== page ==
I got multiple chalk pastels sets and I'm really excited to use them, but I'm afraid to see the artworks messed up afterwards. Even though there are probably sprays I can buy to solve this problem, is there a way to use a common household product or a homemade formula?

5 Answers 5


You will see a dulling or muting of the colors if you use fixative, which is why many pastel artists will actually “fix” in stages. Personally I like to build up muted color layers and use my highlights and whites on the top.

No matter what, you should always apply multiple light layers of fixative, letting them dry in between stages.

Hair spray is good in a pinch (I have used it for decades), but it is never artist grade, as it likely is not pH neutral. Depending on the aromatics and the constituent chemical composition, you may actually (but probably won’t) promote long term damage to the paper.

There is one other notable alternative to acrylic-based spray fixative other than hair spray, but you will need to test them: the “impregnating” sprays used for shoes / leather.

But if you REALLY want to make it yourself, the classical method would be to dissolve damar varnish flakes in turpentine and use an atomizer.

  • Separate the works with a spacer (an art-class classmate built a box using corflute with a set of vertical 10mm balsa spacers in the corners with rounded tops to keep them separate and help guide the works in.)

  • Don't drive long distances over long bumpy roads (a friend did that and her landscape pastels were ruined.)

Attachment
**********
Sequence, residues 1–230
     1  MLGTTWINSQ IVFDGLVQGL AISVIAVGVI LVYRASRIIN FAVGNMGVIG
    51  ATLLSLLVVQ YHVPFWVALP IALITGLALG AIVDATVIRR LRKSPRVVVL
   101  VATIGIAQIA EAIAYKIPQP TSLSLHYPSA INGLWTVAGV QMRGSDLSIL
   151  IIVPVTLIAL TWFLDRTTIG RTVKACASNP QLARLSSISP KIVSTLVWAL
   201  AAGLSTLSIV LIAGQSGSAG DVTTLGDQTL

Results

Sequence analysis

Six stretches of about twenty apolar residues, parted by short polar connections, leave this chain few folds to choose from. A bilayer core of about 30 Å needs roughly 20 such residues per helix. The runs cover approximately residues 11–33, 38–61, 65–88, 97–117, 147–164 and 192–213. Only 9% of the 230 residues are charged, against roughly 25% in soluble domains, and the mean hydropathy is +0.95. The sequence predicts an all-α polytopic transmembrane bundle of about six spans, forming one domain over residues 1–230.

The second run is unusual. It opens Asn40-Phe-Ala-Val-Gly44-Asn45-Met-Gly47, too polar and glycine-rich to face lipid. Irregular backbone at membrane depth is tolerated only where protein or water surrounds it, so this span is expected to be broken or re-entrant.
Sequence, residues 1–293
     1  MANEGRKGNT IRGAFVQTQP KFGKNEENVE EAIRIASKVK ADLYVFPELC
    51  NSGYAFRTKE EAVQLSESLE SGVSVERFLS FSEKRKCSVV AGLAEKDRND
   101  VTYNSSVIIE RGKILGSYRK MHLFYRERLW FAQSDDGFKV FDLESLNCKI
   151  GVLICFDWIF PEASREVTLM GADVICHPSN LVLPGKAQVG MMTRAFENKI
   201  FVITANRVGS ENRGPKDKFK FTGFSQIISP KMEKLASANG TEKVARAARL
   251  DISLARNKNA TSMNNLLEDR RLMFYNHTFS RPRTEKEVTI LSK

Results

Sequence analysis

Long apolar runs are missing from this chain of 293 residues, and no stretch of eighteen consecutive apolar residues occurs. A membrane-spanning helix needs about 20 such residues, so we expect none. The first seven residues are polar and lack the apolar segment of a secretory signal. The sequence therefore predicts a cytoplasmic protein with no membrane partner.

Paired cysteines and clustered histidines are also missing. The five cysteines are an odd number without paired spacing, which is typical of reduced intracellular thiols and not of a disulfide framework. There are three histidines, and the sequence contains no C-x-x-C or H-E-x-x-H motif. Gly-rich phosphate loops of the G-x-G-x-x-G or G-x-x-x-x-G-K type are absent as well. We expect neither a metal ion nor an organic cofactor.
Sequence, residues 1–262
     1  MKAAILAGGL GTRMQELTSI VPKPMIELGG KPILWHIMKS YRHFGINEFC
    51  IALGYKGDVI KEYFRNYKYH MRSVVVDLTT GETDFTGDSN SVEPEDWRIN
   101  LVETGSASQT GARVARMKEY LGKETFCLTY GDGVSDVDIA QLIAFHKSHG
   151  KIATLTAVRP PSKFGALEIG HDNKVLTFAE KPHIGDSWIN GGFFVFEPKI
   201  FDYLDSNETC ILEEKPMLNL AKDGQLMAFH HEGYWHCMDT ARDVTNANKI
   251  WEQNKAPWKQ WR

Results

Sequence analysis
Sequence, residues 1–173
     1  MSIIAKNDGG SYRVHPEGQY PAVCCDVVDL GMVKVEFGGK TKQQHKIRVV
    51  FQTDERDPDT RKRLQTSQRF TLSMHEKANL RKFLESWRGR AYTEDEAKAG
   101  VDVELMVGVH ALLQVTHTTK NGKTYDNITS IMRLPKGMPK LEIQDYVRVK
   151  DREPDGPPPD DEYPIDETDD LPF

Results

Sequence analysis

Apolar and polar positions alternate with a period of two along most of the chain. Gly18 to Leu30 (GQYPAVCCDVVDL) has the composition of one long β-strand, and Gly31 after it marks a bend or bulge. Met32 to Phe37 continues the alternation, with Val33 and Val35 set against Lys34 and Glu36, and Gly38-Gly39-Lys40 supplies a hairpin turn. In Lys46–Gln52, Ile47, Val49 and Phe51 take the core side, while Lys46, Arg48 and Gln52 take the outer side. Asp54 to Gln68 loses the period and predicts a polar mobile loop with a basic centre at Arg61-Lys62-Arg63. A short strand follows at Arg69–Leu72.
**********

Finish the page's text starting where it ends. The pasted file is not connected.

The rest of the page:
• Hairspray is PH neutral: even at art class they recommend hair spray—so err on the side of caution and only buy pH neutral fixative.

  • Cover work with glass—but leave a space between the glass and card so any excess powder can fall from the work without gathering visibly in the frame.

  • Use enough 'tooth' to hold the pastel.


My life-long spouse has had great experience with this medium. When queried, she said hair spray is far less expensive than the commercial solutions. It's probably a good idea to test the stuff on a scrap first.


Also if you don’t want it smudge when putting it in a book or a pile of other papers try using baking paper over the top to stop it transferring onto other pages/paper

  • 1
    Glassine paper is made specifically for this.
    – rebusB
    Commented Jul 23, 2019 at 22:22

applying egg white can help, if you are looking for a cheap fixative. It leaves a shining effect as well once dried, although I would not suggest this for professional piece of work.

  • 2
    How do you apply it? How do you protect it from decaying or damaging the piece?
    – Allison C
    Commented Jul 8, 2019 at 19:59

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